Hans J. Eysenck
The Association for Psychological Science names Hans J. Eysenck as a William James Fellow in recognition of a lifetime of distinguished contribution to psychological science.
For more than fifty years, he has led the struggle to bring science to bear on the most significant psychological issues of our times. A skeptic, who insists that human aspirations conform to fact and not vice-versa, he brings phenomena from the penumbra into the light. At the age of fifteen, he fled Hitler’s Germany and within twenty years became one of England’s most prominent scientists. His seminal early work on individual differences focused on extraversion, neuroticism, and psychoticism as the underlying dimensions of personality. He led and won the battle to put therapy on a scientific, behavioral footing. With a vision of human nature as biosocial, he breathed life into the study of the genetics of personality. He has allied himself with unpopular positions, such as the attack on psychoanalytic therapy, the selective contribution of cigarettes to cancer based on personality, the genetics of intelligence, the benefits of behavior therapy for physical health, and the puzzling, but strong predictive power of planetary position at birth on career choice. His is an articulate, moderated, and stable voice raised to defend positions in need of a defender. Time and again, the accumulation of facts has vindicated him.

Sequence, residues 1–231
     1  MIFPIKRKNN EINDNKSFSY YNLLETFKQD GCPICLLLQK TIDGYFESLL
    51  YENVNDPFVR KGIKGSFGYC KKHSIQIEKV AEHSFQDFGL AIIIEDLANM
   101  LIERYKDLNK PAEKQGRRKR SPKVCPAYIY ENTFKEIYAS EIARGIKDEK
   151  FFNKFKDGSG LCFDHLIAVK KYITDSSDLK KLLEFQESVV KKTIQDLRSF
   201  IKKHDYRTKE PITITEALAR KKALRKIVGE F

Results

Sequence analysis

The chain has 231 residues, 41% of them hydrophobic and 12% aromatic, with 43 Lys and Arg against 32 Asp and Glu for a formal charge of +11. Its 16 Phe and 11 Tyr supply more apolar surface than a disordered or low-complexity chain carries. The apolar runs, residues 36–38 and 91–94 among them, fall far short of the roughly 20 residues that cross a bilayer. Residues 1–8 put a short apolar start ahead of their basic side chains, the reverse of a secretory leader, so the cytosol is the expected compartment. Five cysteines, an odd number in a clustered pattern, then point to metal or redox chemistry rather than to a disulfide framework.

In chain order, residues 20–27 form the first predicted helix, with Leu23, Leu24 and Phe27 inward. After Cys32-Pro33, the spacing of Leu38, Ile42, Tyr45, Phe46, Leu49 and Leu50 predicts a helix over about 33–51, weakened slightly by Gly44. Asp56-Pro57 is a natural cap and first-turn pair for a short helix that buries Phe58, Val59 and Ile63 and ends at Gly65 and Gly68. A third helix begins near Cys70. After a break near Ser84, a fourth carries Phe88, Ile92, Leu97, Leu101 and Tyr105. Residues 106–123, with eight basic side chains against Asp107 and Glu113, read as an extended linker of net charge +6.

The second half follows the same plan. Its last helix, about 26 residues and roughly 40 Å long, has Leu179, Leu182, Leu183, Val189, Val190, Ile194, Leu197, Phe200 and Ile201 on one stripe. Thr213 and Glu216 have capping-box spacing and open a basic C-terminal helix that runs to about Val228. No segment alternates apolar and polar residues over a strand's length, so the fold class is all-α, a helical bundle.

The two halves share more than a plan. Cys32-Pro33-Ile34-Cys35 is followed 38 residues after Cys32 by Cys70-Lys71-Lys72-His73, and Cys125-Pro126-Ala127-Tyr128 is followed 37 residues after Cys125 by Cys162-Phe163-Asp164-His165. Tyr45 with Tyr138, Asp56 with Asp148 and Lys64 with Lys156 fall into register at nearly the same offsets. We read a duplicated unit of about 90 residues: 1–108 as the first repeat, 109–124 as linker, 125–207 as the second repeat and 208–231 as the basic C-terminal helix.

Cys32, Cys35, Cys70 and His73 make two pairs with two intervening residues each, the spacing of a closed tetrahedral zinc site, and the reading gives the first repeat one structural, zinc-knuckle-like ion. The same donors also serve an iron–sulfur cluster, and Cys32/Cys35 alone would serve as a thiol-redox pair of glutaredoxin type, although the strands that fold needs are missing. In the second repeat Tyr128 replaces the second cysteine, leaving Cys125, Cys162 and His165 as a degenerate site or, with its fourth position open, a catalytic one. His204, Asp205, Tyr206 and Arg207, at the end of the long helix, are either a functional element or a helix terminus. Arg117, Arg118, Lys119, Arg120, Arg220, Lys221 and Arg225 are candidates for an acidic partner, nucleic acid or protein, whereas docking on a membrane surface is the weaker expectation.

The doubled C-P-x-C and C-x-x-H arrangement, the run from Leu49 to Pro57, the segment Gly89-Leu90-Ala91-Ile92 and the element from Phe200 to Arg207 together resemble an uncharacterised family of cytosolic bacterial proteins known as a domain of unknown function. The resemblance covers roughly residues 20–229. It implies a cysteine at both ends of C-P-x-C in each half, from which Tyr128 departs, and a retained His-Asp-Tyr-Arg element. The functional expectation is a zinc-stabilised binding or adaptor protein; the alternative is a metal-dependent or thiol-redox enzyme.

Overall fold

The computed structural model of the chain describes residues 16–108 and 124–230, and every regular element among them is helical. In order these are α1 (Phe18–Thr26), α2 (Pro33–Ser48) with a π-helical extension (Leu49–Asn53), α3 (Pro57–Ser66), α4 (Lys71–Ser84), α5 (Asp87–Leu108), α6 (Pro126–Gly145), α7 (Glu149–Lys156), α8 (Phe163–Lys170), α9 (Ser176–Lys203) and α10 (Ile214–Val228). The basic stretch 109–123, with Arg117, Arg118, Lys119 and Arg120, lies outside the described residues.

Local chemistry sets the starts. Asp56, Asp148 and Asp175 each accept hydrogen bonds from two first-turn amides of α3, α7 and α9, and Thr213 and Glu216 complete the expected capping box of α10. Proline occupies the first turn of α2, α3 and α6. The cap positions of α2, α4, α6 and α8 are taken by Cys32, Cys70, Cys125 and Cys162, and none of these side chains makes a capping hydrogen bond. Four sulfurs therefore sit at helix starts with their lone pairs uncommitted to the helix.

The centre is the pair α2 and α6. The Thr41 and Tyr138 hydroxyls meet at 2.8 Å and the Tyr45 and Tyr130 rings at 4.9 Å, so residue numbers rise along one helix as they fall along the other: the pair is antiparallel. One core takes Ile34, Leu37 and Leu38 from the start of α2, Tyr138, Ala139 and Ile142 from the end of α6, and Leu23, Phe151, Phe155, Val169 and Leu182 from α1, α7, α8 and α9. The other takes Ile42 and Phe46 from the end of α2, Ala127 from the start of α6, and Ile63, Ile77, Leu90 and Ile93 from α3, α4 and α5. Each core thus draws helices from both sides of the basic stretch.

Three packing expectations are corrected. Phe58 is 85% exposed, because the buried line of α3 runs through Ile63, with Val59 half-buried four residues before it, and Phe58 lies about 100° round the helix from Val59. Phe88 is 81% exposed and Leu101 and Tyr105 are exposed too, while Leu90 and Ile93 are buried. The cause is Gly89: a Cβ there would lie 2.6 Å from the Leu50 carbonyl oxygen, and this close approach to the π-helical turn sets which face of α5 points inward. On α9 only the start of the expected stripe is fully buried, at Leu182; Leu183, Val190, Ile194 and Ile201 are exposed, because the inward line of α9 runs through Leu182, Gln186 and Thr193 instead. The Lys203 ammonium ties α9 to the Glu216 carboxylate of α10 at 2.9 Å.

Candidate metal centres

For the reach of his visionary intellect, for the grasp of his scholarly achievements, for his students who have fanned across the globe to lead the next generation, for his good sense, for his vigorous voice, for his devotion to fact, and above all for his unflagging courage we recognize Hans J. Eysenck as a leader in psychological science.